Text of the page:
News About Ghosts And Paranormal Phenomena
A Ghostly Octopus (3/5/16)
Recently discovered: The Casper octopus—which eerily resembles the cartoon ghost.
The Yuletide Monsters of Europe (12/29/15)
In Europe, Christmas and New Year customs contain some darker elements—including visits my mischievous, even frightening, goblins, elves, and monsters. Here’s a Roundup, curated from another blog.
Feeding Phantoms In Indonesia (9/5/15)
It’s Hungry Ghost Month in Indonesia. During this time each year, Indonesians of Chinese descent set out food and perform other earthly favors in order to appease the spirits of their departed ancestors as well as assorted other ghosts. Over the course of numerous migrations throughout the centuries, Chinese people have carried their strong belief in ghosts to all corners of southern and southeastern Asia.
Jailed New York City Psychics Admit That It’s All A Scam (8/30/15)
In this New York Times article, a number of imprisoned psychics and fortune tellers admit that their trade is entirely a scam.
Marrying The Dead (8/28/15)
In some countries, it’s legal to marry a dead person—or at least, the spirit of a dead person. And although marriage to someone who is no longer alive probably doesn’t sound like your cup of tea, it might surprise you to learn that there actually are some practical reasons for this odd custom.
The Most Haunted Places In Ireland (8/21/15)
Planning a ghost tour of Ireland? The Irish Mirror provides a good starting point with an interesting roundup of the country’s most haunted locations. And if you go, please let us know if you saw or heard anything uncanny. . . .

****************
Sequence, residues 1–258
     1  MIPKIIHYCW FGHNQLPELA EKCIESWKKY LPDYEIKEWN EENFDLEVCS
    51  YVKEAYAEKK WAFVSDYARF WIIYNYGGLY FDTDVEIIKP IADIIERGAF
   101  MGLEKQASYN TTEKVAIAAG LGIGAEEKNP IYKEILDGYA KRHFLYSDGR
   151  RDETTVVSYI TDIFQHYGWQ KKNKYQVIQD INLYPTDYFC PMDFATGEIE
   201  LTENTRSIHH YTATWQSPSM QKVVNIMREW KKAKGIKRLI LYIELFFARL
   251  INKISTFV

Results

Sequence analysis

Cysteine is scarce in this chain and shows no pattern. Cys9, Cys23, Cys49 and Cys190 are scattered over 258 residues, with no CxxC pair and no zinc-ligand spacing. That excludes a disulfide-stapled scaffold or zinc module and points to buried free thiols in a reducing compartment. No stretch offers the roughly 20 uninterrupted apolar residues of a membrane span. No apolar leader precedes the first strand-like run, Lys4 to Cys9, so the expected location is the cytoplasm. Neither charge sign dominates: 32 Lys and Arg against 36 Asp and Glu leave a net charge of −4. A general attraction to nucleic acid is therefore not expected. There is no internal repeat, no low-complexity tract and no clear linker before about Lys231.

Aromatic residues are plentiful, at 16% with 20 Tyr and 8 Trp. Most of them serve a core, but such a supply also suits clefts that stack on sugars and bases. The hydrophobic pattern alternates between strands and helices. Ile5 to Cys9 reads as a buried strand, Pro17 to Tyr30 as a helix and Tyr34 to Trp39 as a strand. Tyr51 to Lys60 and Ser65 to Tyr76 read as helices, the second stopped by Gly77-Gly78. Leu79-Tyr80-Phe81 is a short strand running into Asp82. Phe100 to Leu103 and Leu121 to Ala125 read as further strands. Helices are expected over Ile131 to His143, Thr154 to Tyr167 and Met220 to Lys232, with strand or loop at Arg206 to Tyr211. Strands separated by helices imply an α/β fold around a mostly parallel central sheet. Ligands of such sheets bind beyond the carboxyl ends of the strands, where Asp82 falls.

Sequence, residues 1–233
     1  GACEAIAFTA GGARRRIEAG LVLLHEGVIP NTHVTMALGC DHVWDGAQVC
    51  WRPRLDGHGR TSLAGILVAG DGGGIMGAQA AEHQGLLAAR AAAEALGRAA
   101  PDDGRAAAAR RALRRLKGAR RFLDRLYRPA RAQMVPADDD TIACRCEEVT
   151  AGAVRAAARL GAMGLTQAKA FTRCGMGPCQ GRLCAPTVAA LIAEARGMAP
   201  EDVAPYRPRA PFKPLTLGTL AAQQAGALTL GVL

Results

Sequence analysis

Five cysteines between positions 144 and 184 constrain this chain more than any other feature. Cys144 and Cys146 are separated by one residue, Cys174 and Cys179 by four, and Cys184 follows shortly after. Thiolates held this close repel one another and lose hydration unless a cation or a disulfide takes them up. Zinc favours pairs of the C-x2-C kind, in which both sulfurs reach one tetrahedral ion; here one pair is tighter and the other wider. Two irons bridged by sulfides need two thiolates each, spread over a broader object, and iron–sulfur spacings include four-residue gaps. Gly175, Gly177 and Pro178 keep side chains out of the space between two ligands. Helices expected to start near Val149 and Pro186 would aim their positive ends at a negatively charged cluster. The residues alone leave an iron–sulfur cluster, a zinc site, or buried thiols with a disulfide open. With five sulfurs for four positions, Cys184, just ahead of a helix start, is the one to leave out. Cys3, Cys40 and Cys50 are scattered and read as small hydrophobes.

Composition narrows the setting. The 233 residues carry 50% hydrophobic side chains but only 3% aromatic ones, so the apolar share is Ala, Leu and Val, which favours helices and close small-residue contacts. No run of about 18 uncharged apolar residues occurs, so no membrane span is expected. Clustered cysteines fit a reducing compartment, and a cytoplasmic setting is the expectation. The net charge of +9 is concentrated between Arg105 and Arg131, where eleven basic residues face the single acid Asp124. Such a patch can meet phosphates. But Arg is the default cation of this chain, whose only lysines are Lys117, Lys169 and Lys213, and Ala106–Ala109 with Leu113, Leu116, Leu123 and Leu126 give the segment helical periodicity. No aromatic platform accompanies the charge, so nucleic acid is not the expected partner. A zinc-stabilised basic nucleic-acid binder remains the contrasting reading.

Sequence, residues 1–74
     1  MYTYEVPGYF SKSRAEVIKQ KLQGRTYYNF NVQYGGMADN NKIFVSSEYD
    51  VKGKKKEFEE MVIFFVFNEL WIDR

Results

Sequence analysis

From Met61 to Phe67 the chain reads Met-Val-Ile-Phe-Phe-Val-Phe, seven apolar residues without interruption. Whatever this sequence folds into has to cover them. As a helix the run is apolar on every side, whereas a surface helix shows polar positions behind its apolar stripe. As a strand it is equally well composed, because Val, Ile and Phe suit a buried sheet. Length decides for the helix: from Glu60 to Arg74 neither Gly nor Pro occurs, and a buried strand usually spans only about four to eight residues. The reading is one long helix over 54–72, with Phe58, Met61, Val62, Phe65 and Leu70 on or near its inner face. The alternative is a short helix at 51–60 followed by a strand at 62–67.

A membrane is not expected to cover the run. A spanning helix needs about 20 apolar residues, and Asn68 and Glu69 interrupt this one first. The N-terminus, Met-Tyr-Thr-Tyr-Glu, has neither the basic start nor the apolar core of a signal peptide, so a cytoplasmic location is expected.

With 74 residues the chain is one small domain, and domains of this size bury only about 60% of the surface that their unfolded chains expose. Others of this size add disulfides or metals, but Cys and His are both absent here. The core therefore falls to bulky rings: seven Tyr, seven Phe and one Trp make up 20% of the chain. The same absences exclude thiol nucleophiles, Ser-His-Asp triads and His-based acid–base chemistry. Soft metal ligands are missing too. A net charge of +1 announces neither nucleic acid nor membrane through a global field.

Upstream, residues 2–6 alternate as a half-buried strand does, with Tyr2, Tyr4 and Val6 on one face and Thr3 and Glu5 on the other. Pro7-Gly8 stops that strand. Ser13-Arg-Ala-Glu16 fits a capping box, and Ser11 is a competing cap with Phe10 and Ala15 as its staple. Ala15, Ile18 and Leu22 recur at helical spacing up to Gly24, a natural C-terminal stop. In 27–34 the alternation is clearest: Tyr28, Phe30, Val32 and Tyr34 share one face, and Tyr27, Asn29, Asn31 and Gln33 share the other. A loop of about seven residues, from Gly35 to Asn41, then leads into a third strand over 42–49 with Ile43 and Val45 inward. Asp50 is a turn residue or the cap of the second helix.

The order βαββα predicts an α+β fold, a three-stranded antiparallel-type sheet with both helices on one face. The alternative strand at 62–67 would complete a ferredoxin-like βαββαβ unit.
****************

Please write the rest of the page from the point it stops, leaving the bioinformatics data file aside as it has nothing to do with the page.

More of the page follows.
It’s Ghost Month In The Philippines (8/16/15)
Don’t swim, don’t pick up money in the street, and whatever you do, don’t wear red. It’s Ghost Month n the Philippines and other Asian country. Follow the link for a good explanation of what that all means.
Mysterious Wall Collapse At A Haunted Scottish Hospital (7/30/15)
So, a wall fell down in an abandoned hospital reputed to be one of the most haunted spots in Scotland. “Locals” apparently suspect ghosts as the culprits. And the place certainly does have a dark history, having housed emotionally disturbed children at one point. But, if a wall goes down in an old building . . . do you blame ghosts, or just lack of maintenance? We’re going with the non-supernatural explanation on this one—but, by all means, make your own judgement.
Somalia’s Haunted Tree (7/29/15)
In this godforsaken, parched region of strife-torn Somalia, hundreds of people have been executed by firing squads while tied to the leafless “death tree.” Understandably, the tree has gained a reputation for being cursed, and most people would like to see it disappear. But no one is brave enough to cut it down—and certainly, no one would ever seek its shade, no matter how hot and glaring the desert sun. . . .